With only 19 sleeps until Christmas, Maffra’s Johnson St has come alive, as local residents hope to avoid the Christmas Eve rush for pressies.
With less mileage and packaging, shopping local is a more environmentally friendly alternative to online shopping, and a guarantee in the hand something will be under the tree in time for this Christmas.
On Friday, Maffra’s business owners reported they were thrilled to see a throng of people on the street again, after lockdowns left the strip more like a ghost town for parts of this year and last.
At the northern end of the street, a stocked up Fever On Johnson has been busy keeping a steady stream of customers looking stylish this silly season.
The convenience of being able to try clothes on instore (compared to a sometimes weeks-long returns process when online shopping) is not lost on Fever’s customers — all the changerooms were full when the Gippsland Times attended.
The shop’s co-owner, Ros Allman, said it was important people continued to support their local shops, in order to keep jobs in the area alive.
“We give back to the community by sponsoring sports teams, so it’s important to remember to support the shop that supports you,” she said.
Ros reported she and the shop’s other owners, Louise Stobie and Kylie Brown, had been working around the clock the past few weeks, as business steadily ramped up.
“For the last three weeks — since the restrictions went — people are confident their functions are now going to be on,” she said.
“A lot of people have also said they haven’t shopped for the past 18 months, and so they’re actually buying quite a few things.
“It’s been good and busy so far, so we’ll see how the next few weeks go.”
Across the road, Stobies Land and Surf’s Ben Stobie and Lauren McDonald agreed after what everyone had endured during the past 20 months, it was as important as ever to support local.
“It has been clear that there has been a sentiment from the public to shop locally, which is amazing to see and very much appreciated by all the business owners,” Ben said.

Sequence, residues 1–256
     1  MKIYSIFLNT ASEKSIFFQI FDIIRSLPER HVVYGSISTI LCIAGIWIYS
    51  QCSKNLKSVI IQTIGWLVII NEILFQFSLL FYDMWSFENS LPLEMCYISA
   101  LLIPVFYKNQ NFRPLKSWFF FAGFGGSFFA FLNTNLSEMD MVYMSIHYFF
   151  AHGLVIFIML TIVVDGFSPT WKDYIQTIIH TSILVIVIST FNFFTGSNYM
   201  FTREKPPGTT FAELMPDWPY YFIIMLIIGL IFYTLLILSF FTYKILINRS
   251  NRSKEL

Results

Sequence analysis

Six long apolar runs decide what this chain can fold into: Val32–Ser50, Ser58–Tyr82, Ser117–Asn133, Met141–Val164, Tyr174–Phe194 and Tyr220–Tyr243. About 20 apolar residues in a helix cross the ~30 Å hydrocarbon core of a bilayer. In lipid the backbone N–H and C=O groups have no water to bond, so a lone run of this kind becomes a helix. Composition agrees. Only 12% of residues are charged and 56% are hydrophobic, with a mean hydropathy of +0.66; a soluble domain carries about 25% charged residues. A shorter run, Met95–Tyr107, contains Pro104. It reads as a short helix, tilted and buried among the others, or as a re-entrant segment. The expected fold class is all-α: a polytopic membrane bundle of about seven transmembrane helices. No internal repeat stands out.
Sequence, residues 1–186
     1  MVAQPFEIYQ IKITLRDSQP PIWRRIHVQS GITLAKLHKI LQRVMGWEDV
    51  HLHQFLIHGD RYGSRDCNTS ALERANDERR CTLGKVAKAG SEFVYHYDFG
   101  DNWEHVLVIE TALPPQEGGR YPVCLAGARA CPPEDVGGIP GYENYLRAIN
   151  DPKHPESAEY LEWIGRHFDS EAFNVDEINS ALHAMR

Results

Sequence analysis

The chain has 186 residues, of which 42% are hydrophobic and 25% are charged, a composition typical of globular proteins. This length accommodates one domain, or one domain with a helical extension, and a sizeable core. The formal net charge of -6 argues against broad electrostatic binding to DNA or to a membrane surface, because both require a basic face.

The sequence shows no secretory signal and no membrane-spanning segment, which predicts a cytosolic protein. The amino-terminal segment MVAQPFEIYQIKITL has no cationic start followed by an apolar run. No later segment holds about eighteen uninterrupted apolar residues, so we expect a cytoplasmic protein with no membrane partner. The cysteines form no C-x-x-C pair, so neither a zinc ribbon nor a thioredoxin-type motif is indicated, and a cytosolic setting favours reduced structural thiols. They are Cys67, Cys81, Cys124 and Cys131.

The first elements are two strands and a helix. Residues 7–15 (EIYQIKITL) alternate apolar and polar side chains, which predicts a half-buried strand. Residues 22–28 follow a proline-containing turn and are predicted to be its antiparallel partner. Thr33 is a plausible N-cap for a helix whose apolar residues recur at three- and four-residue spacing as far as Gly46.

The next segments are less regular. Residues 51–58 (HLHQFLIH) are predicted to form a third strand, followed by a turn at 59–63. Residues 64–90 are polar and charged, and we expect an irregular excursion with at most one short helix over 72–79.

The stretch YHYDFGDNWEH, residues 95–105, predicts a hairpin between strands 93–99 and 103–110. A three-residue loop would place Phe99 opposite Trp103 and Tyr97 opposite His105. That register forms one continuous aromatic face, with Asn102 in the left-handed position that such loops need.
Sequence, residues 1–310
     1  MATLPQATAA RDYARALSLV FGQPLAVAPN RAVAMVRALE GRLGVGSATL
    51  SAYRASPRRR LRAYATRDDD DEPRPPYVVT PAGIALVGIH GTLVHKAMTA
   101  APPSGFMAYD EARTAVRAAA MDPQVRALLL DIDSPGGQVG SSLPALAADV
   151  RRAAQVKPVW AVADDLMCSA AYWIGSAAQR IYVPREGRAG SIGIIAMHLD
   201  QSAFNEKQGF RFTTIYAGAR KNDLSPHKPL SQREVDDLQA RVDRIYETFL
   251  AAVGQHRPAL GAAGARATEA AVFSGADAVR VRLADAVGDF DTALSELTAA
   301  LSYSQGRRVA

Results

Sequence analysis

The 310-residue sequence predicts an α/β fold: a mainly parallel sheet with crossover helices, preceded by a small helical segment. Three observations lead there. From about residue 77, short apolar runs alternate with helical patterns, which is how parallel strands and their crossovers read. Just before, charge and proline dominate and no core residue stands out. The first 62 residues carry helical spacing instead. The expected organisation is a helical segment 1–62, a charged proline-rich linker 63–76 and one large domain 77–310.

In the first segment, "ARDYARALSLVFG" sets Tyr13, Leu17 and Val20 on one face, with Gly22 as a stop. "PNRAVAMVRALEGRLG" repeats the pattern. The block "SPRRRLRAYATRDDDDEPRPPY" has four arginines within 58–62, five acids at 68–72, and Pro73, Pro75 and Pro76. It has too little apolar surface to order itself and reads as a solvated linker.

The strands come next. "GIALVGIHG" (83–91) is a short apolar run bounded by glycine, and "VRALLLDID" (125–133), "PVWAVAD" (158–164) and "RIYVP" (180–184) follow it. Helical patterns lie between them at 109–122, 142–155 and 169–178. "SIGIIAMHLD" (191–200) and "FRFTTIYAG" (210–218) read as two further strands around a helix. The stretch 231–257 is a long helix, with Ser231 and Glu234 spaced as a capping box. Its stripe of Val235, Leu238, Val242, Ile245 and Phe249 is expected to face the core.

“Local businesses employ local people and support sporting and community groups, and to shop local means we can keep doing just that,” Lauren added.
A short stroll down the street, Alison Alexander at newsXpress said people had certainly heeded the support local message throughout the pandemic, and hoped it would continue across the next few weeks.
“We were busy yesterday, and we’re busy today — people are starting to think, ‘I better go and do some Christmas shopping’, so it’s been good,” she said.
The newsagency was able to open throughout the pandemic as an essential service, but Alison said it had broken her heart to see other stores on the main street closed.
“The community is friendly, and they do try to get [items] in Maffra if they can,” she said.
“They know it’s been hard on everyone. I know Sale’s not far, but we are smaller.
“If we haven’t got something, we’ll send people to other places around town to help them.”
For those who might still be struggling to find the right gift for someone, Maffra Business and Tourism Association president Adam Vardy said Maffra Money was a great opportunity for locals to support locals this Christmas.
“The voucher system allows people the flexibility in how they want to spend the money,” he said.
The cards are available to load money onto at newsXpress in Johnson St.
“While online shopping might have got us through COVID, now there’s postage delays and overseas shipping issues, so it’s just another reason to support local this Christmas,” Adam said.
Hubbed, an Australian parcel collection point network, recently released data indicating more than 35 per cent of Australians returned online Christmas purchases in January 2020.
The data also showed online purchases were also up 26.9 per cent year-on-year in the 12 months to July 31, 2021.
Hubbed chief executive David McLean said that if Australian online shoppers returned the same number of purchases this year as they did in 2020, consideration of the environmental impact of gift returns would need to be addressed.
“Australian consumers should be aware that each item returned doubles its logistics carbon footprint,” he said.